June 3, 2009
My Indefinite Leave to Remain FINALLY came through from the Home Office yesterday. So, I am now allowed to remain in the UK indefinitely, and I can access public funds, which is something of a relief in this economy. I mean, I’d rather not lose my job, but 3 weeks ago the government would have happily watched me starve.
However, in this incredibly obnoxious article in The Guardian yesterday, Phil Woolas reminded me that the new Citizenship, Immigration & Borders bill is on its second reading through parliament. This bill will make it harder to get citizenship, with longer waiting times and a stupid “probationary citizenship” stage. Oh, and you’ll be expected to volunteer somewhere to show that you’re “worthy” of citizenship. From September I’ll be working 4 days a week at a job that requires a lot of travel (I’m away from home at least once a month), and doing a PhD part-time. And continuing with No Borders and setting up a Feminist Fightback North branch. But hey! I’m sure I can fit some volunteering in somewhere. Unfortunately, activism doesn’t count.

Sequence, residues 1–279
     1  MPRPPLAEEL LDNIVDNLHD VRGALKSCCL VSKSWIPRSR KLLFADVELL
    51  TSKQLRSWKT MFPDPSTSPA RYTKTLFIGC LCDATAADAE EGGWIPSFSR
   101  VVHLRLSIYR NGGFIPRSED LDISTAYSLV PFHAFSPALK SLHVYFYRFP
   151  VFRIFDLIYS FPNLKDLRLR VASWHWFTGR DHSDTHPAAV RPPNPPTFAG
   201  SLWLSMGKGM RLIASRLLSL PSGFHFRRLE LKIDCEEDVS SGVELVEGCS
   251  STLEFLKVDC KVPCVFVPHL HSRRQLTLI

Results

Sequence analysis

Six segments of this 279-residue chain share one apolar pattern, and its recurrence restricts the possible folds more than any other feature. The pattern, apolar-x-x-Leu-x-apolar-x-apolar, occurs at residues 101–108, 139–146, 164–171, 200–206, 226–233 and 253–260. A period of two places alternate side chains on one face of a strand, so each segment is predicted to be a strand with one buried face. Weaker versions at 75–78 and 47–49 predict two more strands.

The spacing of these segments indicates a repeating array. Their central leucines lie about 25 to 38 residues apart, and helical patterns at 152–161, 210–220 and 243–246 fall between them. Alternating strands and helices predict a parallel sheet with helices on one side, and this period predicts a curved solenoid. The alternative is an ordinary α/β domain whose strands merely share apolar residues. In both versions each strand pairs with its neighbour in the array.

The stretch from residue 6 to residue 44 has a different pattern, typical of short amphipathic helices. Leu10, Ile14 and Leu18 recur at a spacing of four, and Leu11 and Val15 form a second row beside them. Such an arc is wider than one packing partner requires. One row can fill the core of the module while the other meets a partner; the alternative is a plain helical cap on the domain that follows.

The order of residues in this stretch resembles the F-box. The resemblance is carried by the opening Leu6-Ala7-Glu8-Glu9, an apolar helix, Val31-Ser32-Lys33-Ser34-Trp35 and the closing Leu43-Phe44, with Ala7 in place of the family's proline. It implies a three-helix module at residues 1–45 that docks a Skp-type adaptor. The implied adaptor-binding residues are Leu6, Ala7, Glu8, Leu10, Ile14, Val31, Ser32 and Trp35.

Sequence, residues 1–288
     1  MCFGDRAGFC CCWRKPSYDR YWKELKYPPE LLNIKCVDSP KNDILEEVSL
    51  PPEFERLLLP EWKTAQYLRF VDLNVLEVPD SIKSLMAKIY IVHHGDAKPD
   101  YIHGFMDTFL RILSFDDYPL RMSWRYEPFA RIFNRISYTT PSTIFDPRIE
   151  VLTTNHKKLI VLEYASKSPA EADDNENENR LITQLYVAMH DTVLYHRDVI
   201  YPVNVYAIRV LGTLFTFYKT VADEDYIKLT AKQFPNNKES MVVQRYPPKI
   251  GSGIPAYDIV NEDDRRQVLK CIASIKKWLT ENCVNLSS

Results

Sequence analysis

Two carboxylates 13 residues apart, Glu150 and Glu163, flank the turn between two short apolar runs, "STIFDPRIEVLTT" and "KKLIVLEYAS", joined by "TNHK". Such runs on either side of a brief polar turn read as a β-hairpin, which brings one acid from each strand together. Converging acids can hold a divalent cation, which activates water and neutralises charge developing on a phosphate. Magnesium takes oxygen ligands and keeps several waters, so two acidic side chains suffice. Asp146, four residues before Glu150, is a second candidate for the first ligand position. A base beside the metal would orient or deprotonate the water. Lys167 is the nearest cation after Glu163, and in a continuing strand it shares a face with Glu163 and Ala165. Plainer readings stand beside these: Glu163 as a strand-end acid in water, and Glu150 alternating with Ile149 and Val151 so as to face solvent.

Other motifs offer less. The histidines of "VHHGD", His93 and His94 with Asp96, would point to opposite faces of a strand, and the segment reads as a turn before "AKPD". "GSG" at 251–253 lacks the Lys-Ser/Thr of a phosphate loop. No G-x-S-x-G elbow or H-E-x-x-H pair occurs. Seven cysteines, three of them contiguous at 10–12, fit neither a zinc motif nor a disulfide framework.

According to the current regulations, because I actually entered the country in June 2006 on a Working Holiday Permit, I should be eligible for citizenship in about 4 weeks. So my partner and I have decided it’s worth scraping together the ludicrous sum of money required to apply right away, so that I don’t have to jump through any of the hoops above, and because the fees are only going to keep going up. Though apparently it’s taking up to 6 months to process applications, begging the question of What the hell the government are spending my money on.
I’ve worked out that, post-citizenship, I will have paid over £2000 in various visa fees. Which is a lot of money, particularly when we first got married and my partner wasn’t working (we’re still paying off that credit card bill). We are very fortunate that we are able to put aside money each month to cover these fees, but I honestly wonder what less fortunate people do. These fees aren’t optional – if I hadn’t had the £800 for the Indefinite Leave to Remain application, then I would have had to leave the country.
So love becomes a privilege reserved for those who can pay for it –I’m sure that’s exactly what Keir Hardie had in mind.